While he improved the state of democratic politics in his first decade in power by extending rights of ethnic and religious groups and providing greater freedom of expression, Erdoğan gradually subjugated the democratic process in the following years while keeping within the basic parameters of an electoral democracy. In the process, Turkey moved from “partly free” according to Freedom House’s annual Freedom in the World report to “not free” in 2018. Nonetheless, the fact that he continues to play the electoral game (instead of ruling in an outright dictatorial manner) is one of the key elements of his continued popularity. For example, a recent statement by Ibrahim Mahmoud (of Omar al-Bashir’s National Congress Party in Sudan) reflects this sentiment on democracy and its Islamist utility: “When we began reforming our political system in 2014 as part of our peace process, we looked for new models for the NCP… One of the parties we looked at was the AKP because this is a party with both an Islamic and a democratic frame of reference.”

Lastly, Erdoğan’s “independent” foreign policy course that seamlessly alternates between pro- and anti-Western positions boosts his strongman image. In important ways, Erdoğan’s early tenure in power was marked by a decidedly pro-Western stance, encompassing the European Union membership process, close relations with the United States, and a friendly period with Israel. By contrast, Turkey’s recent past is marked by a sharp turnaround in relations with the West such that at times strained relations have even raised the prospect of an armed conflict with the United States in Syria. When Erdoğan speaks of U.S., Israeli, Dutch, or German “hypocrisy,” it resonates with citizens of the region as an act of defiance of the West’s unfair treatment of the Middle East or of Muslims. That this staunchly anti-Western discourse is not borne out by tangible policy change is of little import.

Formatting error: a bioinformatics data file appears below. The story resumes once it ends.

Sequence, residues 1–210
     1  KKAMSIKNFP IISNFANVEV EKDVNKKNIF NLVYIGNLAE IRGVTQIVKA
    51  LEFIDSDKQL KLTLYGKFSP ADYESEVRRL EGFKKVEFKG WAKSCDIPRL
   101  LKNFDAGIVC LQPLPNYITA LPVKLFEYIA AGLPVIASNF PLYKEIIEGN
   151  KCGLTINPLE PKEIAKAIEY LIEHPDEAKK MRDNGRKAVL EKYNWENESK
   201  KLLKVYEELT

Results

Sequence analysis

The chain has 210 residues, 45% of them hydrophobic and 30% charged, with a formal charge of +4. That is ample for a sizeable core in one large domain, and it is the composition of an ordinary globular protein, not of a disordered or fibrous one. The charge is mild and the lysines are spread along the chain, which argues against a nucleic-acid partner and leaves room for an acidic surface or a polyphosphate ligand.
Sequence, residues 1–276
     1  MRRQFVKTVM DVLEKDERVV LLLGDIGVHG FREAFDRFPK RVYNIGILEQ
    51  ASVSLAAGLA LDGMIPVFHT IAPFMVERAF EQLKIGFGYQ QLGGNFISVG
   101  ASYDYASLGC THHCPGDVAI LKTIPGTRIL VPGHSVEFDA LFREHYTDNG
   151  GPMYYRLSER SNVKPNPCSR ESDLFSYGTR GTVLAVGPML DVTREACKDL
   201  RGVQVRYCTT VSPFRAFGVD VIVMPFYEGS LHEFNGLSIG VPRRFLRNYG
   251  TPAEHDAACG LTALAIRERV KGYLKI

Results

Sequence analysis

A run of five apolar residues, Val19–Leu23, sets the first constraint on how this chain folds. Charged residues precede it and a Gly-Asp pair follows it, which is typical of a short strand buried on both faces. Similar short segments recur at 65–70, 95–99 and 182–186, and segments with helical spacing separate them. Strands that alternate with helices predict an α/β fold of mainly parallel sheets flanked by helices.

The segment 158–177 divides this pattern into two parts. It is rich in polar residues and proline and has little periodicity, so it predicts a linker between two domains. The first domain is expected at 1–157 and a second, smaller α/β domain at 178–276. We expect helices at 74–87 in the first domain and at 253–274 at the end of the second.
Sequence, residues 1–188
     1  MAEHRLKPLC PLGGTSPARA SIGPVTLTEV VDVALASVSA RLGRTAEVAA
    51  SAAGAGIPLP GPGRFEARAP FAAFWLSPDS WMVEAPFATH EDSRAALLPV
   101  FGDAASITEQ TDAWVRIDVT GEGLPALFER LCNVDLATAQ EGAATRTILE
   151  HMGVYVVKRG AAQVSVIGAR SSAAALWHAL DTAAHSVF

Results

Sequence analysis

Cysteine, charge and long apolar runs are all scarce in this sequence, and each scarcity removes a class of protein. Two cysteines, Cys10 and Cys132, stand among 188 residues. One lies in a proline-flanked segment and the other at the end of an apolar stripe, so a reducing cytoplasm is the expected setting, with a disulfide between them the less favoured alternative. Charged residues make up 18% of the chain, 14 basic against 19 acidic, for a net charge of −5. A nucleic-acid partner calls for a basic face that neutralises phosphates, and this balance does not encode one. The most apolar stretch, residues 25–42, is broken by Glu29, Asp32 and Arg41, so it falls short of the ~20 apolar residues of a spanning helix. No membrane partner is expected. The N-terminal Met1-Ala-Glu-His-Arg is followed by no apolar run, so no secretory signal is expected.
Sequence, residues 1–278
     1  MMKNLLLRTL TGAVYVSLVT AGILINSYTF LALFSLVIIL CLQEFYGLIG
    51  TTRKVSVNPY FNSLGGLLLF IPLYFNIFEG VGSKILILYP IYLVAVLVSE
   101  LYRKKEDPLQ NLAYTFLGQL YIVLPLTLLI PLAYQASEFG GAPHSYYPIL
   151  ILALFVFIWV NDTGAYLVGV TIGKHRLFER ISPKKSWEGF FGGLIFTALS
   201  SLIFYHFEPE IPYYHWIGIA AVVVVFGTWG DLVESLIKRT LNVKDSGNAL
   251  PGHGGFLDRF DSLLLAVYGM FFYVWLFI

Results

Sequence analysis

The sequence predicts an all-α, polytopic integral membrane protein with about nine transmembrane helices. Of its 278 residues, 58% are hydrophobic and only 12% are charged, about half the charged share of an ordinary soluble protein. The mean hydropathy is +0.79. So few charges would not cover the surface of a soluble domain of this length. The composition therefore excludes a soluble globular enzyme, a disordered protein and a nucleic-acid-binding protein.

By diverging from Turkey’s historically submissive, Western-oriented foreign policy discourse, Erdoğan proves that he can maintain an active independent foreign policy—a highly desirable rhetorical element of Islamist ideology. In a circular reasoning, any negative response to Erdoğan’s anti-Western rhetoric from the United States or the European Union automatically registers as retaliation against the growing power and influence of Erdoğan and Turkey’s independent policymaking, thereby proving the point that Erdoğan is truly independent. Not only does this anti-Western stance boost Erdoğan’s favorability in the region, but it also offers a textbook case of how mustering popular anti-Western sentiment can be a political resource, as the recent Jerusalem embassy row illustrates. When the United States opened its new embassy in Jerusalem on May 14, 2018, Erdoğan was one of the first leaders in the region to condemn the move and expel senior Israeli diplomats, aiming to appeal to the nationalist and Muslim vote on the eve of a tight electoral competition in Turkey.

Given these dynamics, Erdoğan’s politics carry pragmatic lessons for Islamist and non-Islamist politicians alike. Religion’s obvious appeal in bolstering popular support aside, Erdoğan’s success in gaining region-wide popularity is predicated upon delivery of economic growth, upholding electoral democracy, and standing up to the West. In a region beset by democratic and economic challenges and foreign intervention, Erdoğan’s strong leadership offers and multifaceted platform holds great promise.

A.Kadir Yildirim is a fellow in the Middle East at Rice University’s Baker Institute for Public Policy focusing on religion and politics and Middle Eastern politics. Follow him on Twitter @akyildirim.

1. In this study undertaken by the Baker Institute for Public Policy and funded by the Henry Luce Foundation, we surveyed more than 14,000 respondents in 11 countries in the region in order to analyze the political and social dynamics of religious politics and map Islamic authority in the Middle East. The survey was conducted online with residents of these countries who were 18 or older.